Lower debt interest costs give Chancellor a borrowing boost ahead of the Budget

Lower than expected spending offset weaker than expected tax receipts in the year to January, while significant data revisions have left overall borrowing £9.2 billion lower than the Office for Budget Responsibility’s (OBR) forecast, and given the Chancellor a timely fiscal boost ahead of his Budget next month, the Resolution Foundation said today (Wednesday).

Self-assessment returns mean that January always delivers a surplus for the government and this year was no exception, with the £16.7 billion surplus the biggest since records began in 1993.

However, self-assessment returns were actually lower than the OBR forecast (down £2.4 billion), with total taxes nearly £5 billion lower than the OBR expected. This was slightly offset by lower than forecast spending as a result of falling inflation – leaving borrowing for January higher than forecast by over £1.5bn.

But over the year to date, significant data revisions and lower spending have outweighed lower tax receipts, leaving borrowing £9.2 billion lower than the OBR forecast.

The Foundation adds that lower interest rate expectations over the medium term are also likely to reduce the OBR’s borrowing projections, and increase the Chancellor’s fiscal headroom in his upcoming budget.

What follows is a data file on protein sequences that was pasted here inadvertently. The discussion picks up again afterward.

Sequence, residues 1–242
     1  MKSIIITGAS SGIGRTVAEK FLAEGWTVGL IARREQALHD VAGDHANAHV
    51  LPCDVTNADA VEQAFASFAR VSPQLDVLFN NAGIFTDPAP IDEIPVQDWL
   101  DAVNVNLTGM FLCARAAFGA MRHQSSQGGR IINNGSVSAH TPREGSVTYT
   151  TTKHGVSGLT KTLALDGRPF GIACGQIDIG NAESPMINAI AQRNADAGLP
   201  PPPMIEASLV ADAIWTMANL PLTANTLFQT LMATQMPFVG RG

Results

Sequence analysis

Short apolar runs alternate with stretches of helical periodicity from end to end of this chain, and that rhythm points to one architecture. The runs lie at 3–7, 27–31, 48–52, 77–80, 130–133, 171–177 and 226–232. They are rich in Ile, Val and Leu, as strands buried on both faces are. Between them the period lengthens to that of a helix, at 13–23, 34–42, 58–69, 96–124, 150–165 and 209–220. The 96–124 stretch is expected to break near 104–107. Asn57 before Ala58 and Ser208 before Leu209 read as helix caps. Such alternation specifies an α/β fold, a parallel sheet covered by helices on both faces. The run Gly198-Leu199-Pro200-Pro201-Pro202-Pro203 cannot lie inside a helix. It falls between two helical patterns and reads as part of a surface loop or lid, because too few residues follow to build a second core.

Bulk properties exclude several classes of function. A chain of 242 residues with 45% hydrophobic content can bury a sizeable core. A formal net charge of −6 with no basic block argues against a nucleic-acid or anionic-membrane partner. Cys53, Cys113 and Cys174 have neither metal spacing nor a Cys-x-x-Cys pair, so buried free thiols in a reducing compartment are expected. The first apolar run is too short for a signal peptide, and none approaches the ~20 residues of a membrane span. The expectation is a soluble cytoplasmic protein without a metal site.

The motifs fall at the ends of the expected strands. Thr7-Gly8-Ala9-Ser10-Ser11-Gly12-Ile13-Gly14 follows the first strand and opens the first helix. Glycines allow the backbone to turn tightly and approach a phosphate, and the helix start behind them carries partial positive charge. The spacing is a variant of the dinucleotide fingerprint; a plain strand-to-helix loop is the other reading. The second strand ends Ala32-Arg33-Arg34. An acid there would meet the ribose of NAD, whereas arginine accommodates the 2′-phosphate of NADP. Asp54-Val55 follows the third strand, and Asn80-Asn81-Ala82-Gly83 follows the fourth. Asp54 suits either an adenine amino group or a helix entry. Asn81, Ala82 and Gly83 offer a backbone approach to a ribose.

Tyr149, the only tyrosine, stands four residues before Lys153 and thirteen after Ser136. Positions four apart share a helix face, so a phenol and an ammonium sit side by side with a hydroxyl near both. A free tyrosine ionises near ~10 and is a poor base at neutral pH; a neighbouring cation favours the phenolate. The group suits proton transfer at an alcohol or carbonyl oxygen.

Cara Pacitti, Senior Economist at the Resolution Foundation, said:

“The public sector finances story in recent years has been stronger tax receipts driven by high inflation, and high borrowing costs due to rising interest rates.

“But despite the record surplus in January this story has actually flipped, with tax receipts disappointing and falling inflation reducing the cost of borrowing.

“Lower interest rate expectations are likely to reduce the medium-term outlook for borrowing, and give the Chancellor a borrowing boost in his upcoming Budget.”